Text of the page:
You thought some subjects were off-limits in comedy? Bill Maher missed that memo.
It was another packed house at the Kentucky Center for the Arts Saturday night as Bill Maher brought his witty criticisms to Louisville.
Cramped may be a better word to describe the atmosphere in Whitney Hall as 2,000 adult-sized people squeezed their way into pint-sized seats. With barely room to breathe, audience members got to know their seatmates intimately, as there is no way, in this vast theatre, to sit comfortably next to one’s companion, let alone the perfect stranger on the other side, mere millimeters away.
But, the physical discomfort nor the mysterious 12-minute delayed start didn’t seem to stifle the energy in the auditorium. As one audience member put it before the show, “This is going to be heaven. It’s like being in a roomful of your own kind.”
While remarks like that seem to be the close-minded, flock-of-sheep mentality that Maher rallies against, it was obvious that this particular audience member had not looked around the room. A wide spectrum of people were in the audience; primarily Caucasian, but ranging in age, gender, social status, and every other individuality that can be reasonably stereotyped by physical appearance.
The physical discomfort of the audience did not translate to Bill Maher
, as he casually strolled onto the bare stage, save for a microphone, stool, and music stand, and began disparaging the antics of politicians, government, and intelligence-challenged people.
Greeted by an already standing crowd, Maher quipped, “Thank you, but I can’t take credit for this. I know people come to my shows already high.”
And so began the litany of sharply barbed and profane pans on Republicans, Democrats, Sarah Palin, Mitt Romney, religion, and Maher himself.
He quipped, “Sarah Palin had a show on The Learning Channel. That would be like me having a show on the Christian Broadcast Network.”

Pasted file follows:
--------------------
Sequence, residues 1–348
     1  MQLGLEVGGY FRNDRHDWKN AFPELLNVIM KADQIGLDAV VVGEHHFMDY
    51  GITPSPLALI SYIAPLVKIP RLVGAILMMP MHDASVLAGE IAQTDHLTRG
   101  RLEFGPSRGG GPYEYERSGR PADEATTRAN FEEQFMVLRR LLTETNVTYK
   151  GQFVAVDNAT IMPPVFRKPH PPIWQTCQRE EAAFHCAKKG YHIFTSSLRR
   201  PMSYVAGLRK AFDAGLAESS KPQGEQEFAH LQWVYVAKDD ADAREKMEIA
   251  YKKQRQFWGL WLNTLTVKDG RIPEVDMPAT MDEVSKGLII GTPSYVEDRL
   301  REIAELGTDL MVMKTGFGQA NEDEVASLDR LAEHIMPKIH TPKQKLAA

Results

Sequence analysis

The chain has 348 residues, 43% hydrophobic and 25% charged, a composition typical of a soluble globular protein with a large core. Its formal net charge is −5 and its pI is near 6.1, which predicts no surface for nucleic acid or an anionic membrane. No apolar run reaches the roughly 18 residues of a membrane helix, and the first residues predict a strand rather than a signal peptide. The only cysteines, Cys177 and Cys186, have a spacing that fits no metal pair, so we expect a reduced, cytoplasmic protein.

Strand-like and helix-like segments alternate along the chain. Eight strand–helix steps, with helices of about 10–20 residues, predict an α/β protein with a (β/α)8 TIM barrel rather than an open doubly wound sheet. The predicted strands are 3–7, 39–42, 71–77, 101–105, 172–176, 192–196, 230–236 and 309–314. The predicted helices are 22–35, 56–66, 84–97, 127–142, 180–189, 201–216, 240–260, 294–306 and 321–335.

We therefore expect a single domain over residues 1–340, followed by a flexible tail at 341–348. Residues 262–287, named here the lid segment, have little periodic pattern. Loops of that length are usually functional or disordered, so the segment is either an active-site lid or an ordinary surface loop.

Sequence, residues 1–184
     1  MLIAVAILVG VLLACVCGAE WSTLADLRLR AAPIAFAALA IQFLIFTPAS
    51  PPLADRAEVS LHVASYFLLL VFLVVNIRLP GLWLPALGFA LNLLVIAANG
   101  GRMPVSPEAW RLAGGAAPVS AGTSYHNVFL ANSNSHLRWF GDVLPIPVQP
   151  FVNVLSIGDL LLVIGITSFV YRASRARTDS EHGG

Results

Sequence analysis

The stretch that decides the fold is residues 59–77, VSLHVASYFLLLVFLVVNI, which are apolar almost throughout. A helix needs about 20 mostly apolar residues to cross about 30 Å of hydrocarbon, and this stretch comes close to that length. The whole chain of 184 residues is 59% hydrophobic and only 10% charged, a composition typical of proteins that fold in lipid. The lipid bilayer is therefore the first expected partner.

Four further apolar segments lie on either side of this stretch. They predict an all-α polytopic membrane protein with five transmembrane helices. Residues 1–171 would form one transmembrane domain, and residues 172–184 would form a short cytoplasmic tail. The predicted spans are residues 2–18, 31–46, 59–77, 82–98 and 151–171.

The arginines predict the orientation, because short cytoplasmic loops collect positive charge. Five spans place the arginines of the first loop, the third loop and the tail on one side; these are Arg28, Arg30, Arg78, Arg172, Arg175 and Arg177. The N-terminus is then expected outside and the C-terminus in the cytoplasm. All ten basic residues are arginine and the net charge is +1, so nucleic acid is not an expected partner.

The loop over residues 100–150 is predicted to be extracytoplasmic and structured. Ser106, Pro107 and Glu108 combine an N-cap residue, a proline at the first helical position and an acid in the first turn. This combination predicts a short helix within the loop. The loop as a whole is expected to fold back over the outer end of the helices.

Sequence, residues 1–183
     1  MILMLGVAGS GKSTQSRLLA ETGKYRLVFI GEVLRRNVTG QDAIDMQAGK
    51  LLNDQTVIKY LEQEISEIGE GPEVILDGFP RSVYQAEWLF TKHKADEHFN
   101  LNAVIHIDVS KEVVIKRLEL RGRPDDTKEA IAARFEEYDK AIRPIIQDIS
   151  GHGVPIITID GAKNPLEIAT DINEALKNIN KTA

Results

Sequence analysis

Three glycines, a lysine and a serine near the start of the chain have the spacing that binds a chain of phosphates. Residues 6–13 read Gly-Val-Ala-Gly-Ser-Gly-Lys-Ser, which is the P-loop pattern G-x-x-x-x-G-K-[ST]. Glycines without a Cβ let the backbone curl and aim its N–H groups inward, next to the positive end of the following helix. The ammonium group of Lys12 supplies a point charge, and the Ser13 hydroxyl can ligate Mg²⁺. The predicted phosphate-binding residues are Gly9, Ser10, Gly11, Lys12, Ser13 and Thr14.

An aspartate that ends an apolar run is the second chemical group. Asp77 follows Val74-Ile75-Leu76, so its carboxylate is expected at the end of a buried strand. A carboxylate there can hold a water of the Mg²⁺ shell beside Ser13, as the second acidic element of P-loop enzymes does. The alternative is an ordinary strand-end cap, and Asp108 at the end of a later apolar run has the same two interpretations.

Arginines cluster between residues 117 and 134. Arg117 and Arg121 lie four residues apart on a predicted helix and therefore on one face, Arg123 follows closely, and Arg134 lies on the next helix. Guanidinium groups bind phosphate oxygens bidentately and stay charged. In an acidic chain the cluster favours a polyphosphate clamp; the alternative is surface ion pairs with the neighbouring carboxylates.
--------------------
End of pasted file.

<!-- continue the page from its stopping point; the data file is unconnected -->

Regardless of political affiliation (or lack thereof), one must concede that, in order to make cracks on such a wide variety of people in such specific ways, Maher stands before his crowd well-read, intelligent, and with a wicked-sharp mind.
Or does he? Quite possibly the most disappointing aspect of the whole evening was the fact that Maher used a notebook on stage—hence the need for the music stand—and referenced it frequently during his 90-minute set.
It is hard to believe that such a highly successful person can’t keep track of where he is in his own show. Actors who play Hamlet memorize nearly 1500 lines of Shakespeare; Maher can’t seem to memorize the order of a few jokes. Even the up-and-comers at the local Comedy Caravan
have their material memorized.
Despite the heavy use of notes, Maher kept his audience laughing, applauding, and thinking all evening.
From disparaging the entitlement attitude of citizens, “Americans are star-spangled perfect coming out of the womb” to panning the Republican party for their choice in Mitt Romney, “They picked him for his vague resemblance to Brooke Shields,” to the inanity of social media, “Where would we be without Facebook? We’d just be left to wonder what that passing acquaintance from high school had for lunch,” no individual or group was safe.
Maher even took a stab at educators when, after addressing the obesity rates and test scores of children, he quipped, “How fat and dumb do our kids have to be before teachers stop having sex with them?”
For all the feathers he ruffles, and all the people he offends, Maher is a staunch supporter of free speech, and of individual personal differences.
In the midst of his rants, Maher said, “We need people with ideological differences,” and regarding his atheistic view of life, “Be as good of a person as you can, for the sake of it.”
Bill Maher continues his stand-up tour
throughout the summer. He can be seen on HBO’s Real Time
Friday nights at 10pm.
Image: Courtesy BillMaher.com